(A) Uncracked Section
If tension is there on the liquid face, the tensile stress actually developed, i.e., f_{td} and f_{tb} in direct tension and bending tension, respectively should satisfy the following condition:
(f_{td} /σ _{td}) + (f_{tb} / σ _{tb})≤ 1.0 (14.8)
where σtd and σtb are the permissible stresses of concrete in direct tension and bending tension, respectively and are to be taken from Table 14.1, and f_{td }and f_{tb} are the actual stresses of concrete in direct tension and bending tension, respectively and are determined from Eqs.14.2 and 14.4, respectively.
(B) Cracked Section
This case is classified under two groups: (i) when the eccentricity e of the tension force F_{t} is small; i.e., tensile force is large and (ii) when the eccentricity e of the tension force is large, i.e., tension force is small. We are explaining them separately.
(i) When the eccentricity is small, i.e., Ft is large
Figures 14.36.5a and b show the cracked section subjected to tension force at a small eccentricity e within the depth of the section. As the eccentricity is small, measured from the center of gravity of the two areas of steel, A_{s1} and A_{s2}, the whole section is in tension and hence the entire concrete is ineffective.
We have two equations of equilibrium: (i) equilibrium of forces and (ii) equilibrium of moments. They are expressed as follows:
F_{t }= T_{s1} + T_{s2} = f_{st1} A_{s1} + f_{st2} A_{s2 } (14.9)
Moment of the forces about the bottom steel gives: F_{t} (d_{1} – e) – T_{s2} (d_{1} + d_{2}) = 0
or F_{t} (d_{1 }– e) – f_{st2 }A_{s2} (d1 + d2) = 0 (14.10)
Substituting the expression of Ft from Eq.14.9 into Eq.14.10, f_{st2} can be computed. The value of f_{st1} can then be computed from Eq.14.9.
(ii) When the eccentricity is large, i.e., Ft is small
Figure 14.36.6a and b show the section and stress distribution of cracked section subjected to tension force F_{t} having large value of the eccentricity e measured from the middepth of the section. The line of action of F_{t} is outside the section. The areas of compression and tension steel are denoted by A_{sc} and A_{st}, respectively. Due to large eccentricity, the direct and bending stresses are equally dominant. The forces of compression and tension steel are represented by C_{sc} and Ts, respectively, while the force of compressive concrete is represented by C_{c}. The distance of the neutral axis is x.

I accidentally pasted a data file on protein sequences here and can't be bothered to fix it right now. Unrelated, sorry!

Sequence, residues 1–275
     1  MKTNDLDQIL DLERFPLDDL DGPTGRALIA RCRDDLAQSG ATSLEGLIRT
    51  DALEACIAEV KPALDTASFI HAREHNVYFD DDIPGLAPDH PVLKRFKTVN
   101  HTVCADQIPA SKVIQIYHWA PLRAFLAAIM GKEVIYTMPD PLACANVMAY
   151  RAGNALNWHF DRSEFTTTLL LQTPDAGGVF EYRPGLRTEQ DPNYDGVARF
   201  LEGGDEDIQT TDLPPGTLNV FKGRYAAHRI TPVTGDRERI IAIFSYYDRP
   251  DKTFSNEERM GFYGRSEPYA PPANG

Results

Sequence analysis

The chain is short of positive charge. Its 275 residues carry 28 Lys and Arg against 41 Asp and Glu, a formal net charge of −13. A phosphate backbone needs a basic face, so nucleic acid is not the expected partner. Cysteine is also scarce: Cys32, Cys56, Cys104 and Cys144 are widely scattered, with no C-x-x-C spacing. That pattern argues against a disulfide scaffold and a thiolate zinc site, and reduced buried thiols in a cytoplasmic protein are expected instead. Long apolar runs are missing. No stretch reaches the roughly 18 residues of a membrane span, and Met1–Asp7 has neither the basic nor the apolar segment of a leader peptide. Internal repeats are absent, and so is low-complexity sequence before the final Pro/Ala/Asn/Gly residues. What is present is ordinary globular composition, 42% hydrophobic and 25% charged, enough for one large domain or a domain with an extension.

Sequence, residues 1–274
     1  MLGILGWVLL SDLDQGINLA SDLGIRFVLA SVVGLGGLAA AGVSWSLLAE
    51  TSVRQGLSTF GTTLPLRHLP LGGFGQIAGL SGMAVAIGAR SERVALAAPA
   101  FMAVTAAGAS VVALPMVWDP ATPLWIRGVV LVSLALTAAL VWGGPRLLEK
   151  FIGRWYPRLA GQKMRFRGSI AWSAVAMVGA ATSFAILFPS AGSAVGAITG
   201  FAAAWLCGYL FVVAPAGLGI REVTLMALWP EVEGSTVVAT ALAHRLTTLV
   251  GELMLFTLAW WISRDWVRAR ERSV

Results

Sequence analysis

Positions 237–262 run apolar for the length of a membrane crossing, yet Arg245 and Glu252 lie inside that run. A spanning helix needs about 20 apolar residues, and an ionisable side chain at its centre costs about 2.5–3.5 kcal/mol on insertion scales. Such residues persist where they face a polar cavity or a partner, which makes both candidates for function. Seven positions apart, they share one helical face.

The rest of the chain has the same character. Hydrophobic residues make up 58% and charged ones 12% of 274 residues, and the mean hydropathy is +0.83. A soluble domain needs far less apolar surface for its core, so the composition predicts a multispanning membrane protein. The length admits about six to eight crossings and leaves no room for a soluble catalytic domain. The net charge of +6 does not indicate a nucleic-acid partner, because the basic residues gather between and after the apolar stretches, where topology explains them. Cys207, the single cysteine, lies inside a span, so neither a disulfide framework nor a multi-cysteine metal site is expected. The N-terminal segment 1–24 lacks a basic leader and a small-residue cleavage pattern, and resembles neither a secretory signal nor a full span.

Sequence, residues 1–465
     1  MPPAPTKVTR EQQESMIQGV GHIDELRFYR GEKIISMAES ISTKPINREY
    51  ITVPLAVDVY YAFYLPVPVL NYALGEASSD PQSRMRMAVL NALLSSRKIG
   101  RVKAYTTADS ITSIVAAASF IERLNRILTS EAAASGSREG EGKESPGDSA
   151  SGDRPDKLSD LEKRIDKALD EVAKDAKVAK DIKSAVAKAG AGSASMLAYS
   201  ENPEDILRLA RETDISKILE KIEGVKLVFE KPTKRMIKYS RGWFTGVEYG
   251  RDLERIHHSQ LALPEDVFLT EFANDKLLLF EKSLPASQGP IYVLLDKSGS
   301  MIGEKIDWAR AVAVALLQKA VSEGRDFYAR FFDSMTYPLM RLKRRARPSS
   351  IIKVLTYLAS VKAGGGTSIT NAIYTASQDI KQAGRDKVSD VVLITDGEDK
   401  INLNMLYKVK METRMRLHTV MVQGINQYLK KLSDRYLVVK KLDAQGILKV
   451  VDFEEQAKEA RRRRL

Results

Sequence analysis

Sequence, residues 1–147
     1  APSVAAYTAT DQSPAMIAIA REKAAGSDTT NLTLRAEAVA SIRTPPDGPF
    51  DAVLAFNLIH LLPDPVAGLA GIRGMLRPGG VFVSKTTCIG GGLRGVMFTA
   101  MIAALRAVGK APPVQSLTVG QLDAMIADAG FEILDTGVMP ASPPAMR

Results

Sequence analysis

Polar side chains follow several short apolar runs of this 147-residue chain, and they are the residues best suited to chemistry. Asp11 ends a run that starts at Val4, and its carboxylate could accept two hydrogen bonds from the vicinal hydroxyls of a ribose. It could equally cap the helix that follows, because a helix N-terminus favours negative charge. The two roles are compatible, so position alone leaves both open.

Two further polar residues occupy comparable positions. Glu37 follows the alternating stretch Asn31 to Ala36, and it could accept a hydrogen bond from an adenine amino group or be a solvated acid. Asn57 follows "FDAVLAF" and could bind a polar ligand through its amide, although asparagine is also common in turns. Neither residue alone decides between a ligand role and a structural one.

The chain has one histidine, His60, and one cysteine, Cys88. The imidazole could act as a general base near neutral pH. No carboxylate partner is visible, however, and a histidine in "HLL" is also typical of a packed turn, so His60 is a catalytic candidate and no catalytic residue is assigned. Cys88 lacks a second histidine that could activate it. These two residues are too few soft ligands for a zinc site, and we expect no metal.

The expressions of these three forces are: C_{sc} = f_{sc }A_{sc} (14.11)
T_{s} = f_{st} A_{st} (14.12)
C_{c }= 0.5 f_{cb} b_{x} (14.13)
The expressions of f_{sc} and f_{st}, obtained from the stress distribution of Fig. 14.36.6 b, are:
f_{sc }= (m_{c} –1) f_{cb} (x  d′ )/x (14.14)
f_{st }= m f_{cb }(d – x) / x (14.15)
Using the expression of fsc and fst from Eqs. 14.14 and 14.15 in Eqs. 14.11 and 14.12, we have:
C_{sc} = (m_{c} – 1) A_{sc} f_{cb} (x  d′ ) / x (14.16)
T_{s} = m A_{st} f_{cb} (d – x) / x (14.17)
The equation of the equilibrium of forces is:
F_{t }– T_{s} + C_{c} + C_{se} = 0 (14.18)
Taking moment of all forces about the line of action of Ft, the equation of equilibrium of moment is:
T_{s }(e + 0.5D  d) – C_{c} (e + 0.5D – x/3) – C_{sc} (e + 0.5D  d′ ) = 0 (14.19)
Substituting the expressions of C_{c}, C_{sc} and T_{s} from Eqs. 14.13, 14.16 and 14.17, respectively into Eqs. 14.18 and 14.19, we have: